Here is the third video in pianist Inon Barnatan series of short video vignettes that illustrate Barnatan’s recordings in Darknesse Visible, produced in collaboration with videographer Tristan Cook and artist Zack Smithey. See yesterday’s post here.
Here is the second video in pianist Inon Barnatan series of short video vignettes that illustrate Barnatan’s recordings in Darknesse Visible, produced in collaboration with videographer Tristan Cook and artist Zack Smithey. See yesterday’s post here.
Barnatan makes his 92Y solo recital debut tomorrow, Dec 6 with music from Darknesse Visible.
Three portraits of Laurette (1916-17), a favorite Matisse model, as seen in a new show at the Metropolitan Museum of Art.
The New York Times art critic Roberta Smith on “Matisse: In Search of True Painting,” exhibit, which opens to the public today at the Metropolitan Museum of Art:
“…one of the most thrillingly instructive exhibitions about this painter, or painting in general, that you may ever see. As ravishing as it is succinct, it skims across this French master’s long, productive career with a mere 49 paintings, but nearly all are stellar if not pivotal works.”
The Metropolitan Museum’s Mary Clare McKinley, a co-curator of the exhibit, takes us into Matisse’s process to explore his innovative, often radical, solutions to such problems as how to portray light, handle paint, select colors and manipulate perspective, at 92YTribeca on Feb 6.
Russell Goings surrounded with pieces of artwork by his longtime friend, the late artist Romare Bearden.
NY Daily News has a great story about Goings using a roomful of Bearden’s art as a prop during a recent lecture to students.
Some 26 eighth graders from PS 57, most of them black and Hispanic, were gathered in the 92nd Street Y’s Weill Art Gallery, to listen to Russell Goings lecture them on the need to set goals in their lives.
“We’re all on an odyssey,” Goings said. “An odyssey is about discovery. You coming here today is part of your odyssey. So what are you going to leave here with?”
A former professional football player, stockbroker and chairman of the board of Harlem’s Studio Museum, Goings, 80, is a spellbinding speaker who can work a room and a prop — after one student said he hoped for a pro football career like his, Goings popped his dentures out.
“You don’t want to play football man,” a smiling Goings said as his audience howled with laughter. “They knocked my teeth out. I have no teeth, I got no knees, and but I got a bucketful of knowledge.”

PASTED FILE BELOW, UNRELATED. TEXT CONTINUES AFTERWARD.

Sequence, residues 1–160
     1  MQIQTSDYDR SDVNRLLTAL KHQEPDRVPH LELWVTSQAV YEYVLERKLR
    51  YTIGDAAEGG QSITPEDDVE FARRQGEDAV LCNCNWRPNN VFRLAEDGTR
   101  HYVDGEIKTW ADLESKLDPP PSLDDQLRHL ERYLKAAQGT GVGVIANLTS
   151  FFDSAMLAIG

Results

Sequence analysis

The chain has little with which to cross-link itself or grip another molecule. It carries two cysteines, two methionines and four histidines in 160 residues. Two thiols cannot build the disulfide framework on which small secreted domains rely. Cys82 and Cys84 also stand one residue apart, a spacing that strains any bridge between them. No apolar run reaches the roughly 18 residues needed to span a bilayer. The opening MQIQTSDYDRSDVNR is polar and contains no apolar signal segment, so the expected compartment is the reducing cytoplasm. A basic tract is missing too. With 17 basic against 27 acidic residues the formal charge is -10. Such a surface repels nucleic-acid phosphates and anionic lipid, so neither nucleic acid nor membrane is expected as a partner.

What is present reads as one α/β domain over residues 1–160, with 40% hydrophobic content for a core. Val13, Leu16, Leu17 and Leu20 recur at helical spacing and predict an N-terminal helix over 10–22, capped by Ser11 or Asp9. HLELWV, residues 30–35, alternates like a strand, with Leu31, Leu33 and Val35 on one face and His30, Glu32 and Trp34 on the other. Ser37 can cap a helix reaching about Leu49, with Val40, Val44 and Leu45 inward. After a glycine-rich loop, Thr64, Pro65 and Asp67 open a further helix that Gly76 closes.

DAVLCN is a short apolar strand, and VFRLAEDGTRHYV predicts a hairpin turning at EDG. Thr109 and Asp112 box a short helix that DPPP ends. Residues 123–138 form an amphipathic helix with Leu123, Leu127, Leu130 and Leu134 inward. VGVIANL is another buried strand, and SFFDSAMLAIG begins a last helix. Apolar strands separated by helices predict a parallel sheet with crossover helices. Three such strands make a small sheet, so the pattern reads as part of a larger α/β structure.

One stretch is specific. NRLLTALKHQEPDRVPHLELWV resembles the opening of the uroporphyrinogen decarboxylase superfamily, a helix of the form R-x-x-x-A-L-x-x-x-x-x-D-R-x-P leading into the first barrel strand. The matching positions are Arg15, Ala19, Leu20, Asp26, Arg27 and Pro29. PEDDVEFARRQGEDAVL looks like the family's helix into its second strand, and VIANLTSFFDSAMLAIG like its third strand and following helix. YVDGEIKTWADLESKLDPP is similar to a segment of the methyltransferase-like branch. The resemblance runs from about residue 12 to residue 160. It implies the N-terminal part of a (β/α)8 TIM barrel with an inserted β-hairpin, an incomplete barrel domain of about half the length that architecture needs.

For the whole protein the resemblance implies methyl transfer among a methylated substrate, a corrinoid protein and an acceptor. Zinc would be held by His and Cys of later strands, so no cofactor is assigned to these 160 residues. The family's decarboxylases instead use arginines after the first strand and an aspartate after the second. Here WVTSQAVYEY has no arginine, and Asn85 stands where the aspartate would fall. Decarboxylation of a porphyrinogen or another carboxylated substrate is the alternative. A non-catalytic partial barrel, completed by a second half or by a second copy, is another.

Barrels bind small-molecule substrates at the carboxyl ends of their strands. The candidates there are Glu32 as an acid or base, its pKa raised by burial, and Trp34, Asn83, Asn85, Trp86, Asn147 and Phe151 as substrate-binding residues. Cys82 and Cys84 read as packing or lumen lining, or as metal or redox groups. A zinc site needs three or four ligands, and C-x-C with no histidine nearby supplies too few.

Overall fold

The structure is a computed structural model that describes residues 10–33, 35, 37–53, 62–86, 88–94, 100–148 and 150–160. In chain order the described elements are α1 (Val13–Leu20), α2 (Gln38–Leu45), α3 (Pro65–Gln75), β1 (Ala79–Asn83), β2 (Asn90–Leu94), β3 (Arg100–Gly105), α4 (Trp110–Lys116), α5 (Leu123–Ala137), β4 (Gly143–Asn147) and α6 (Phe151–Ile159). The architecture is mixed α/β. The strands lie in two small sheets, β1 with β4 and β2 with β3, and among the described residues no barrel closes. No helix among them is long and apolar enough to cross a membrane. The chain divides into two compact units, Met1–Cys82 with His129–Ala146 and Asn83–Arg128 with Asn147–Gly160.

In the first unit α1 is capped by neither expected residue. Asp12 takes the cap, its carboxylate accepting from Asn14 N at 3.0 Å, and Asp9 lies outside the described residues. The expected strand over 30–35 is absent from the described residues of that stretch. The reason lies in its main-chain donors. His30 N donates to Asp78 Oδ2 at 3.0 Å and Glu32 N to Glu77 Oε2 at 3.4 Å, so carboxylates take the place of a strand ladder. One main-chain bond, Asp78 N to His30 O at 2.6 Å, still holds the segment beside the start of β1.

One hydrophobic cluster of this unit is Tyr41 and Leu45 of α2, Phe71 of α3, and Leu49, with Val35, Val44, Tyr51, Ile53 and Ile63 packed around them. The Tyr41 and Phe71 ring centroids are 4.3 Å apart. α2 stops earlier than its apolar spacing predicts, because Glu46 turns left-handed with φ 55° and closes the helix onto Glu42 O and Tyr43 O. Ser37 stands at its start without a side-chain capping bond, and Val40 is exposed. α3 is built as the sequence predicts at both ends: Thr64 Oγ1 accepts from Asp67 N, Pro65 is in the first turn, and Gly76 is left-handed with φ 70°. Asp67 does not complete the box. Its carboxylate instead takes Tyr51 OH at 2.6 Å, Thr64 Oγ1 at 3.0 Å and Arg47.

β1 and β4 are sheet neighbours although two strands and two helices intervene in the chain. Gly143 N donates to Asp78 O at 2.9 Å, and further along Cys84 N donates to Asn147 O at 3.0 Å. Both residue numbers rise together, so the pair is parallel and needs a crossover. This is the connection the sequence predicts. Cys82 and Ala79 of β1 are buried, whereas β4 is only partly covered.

The teeth were a minor prop, the entire room a larger one. Hung on the Weill walls were 43 works by artist Romare Bearden: paintings, collages and ink and felt pen portraits.
Read more. The exhibit at 92Y, Romare Bearden: The Paper of Truth, is free and open to the public through Dec 9 and there will be a Writers’ Celebration of Bearden on Dec 3 featuring Elizabeth Alexander, Kim Bridgford, Stanley Crouch, Kwame Dawes and more.
Angela Earley is an artist, printmaker and children’s art instructor at 92nd Street Y. Angela is currently designing community murals on 12th Street between 4th Avenue and Broadway in Manhattan. The murals are a partnership between the Strand Book Store, New York City’s legendary home of 18 Miles books since 1927, and GO Project, an education program that provides year-round educational and family support services to children who are performing below grade level.
Drew Herman, a teaching assistant at the 92nd Street Y Art Center, is also assisting Angela on these murals. The GO Project community will be collaborating with Angela to add color and unique detail to the murals. Watch the process unfold and take a peek at more of Angela’s art here.
When Nate Hill, the performance artist, tweeted that he would be in front of our building throwing free cheeseburgers to people on the street, which we read about in The Guardian, we had to see for ourselves. With camera phone in one hand, we documented his trip down the block AND caught a cheeseburger!
Performance art? You be the judge. But don’t miss another performance artist, Marina Abramović, when she speaks at 92Y in October.
Photo Credit: Adam Golfer
From the artists’ statement on his photographic documentary kin*:
I am intrigued by the concept of opposing groups uniting generations after a trauma. Throughout history there are countless examples of resentment bleeding from one generation to the next. Oppressed people bear children who grow up angry or scared because those are the beliefs held by their parents. kin* is my journey back to a country that scarred my family. I am reaching out to people of my own generation in an attempt to grasp their situation and the manner in which they relate to their past and future. The project is an inquiry into the potential of future generations from opposite sides of a conflict to come together rather than be held apart by the weight of history.
An opening reception for kin* will be held on Jan 26 at the 92nd Street Y Milton J. Weill Art Gallery from 6-8pm, with the exhibit then running until Mar 11.
The Milton J. Weill Art Gallery is open to patrons of Kaufmann Concert Hall during regularly scheduled events. In addition, special viewing hours have been arranged for this exhibition. They are: Jan 27, 29, Feb 1, 2, 8 15, 24, Mar 3 and 4 from 12:30 — 5:00pm. For other access, please call 212.415.5597.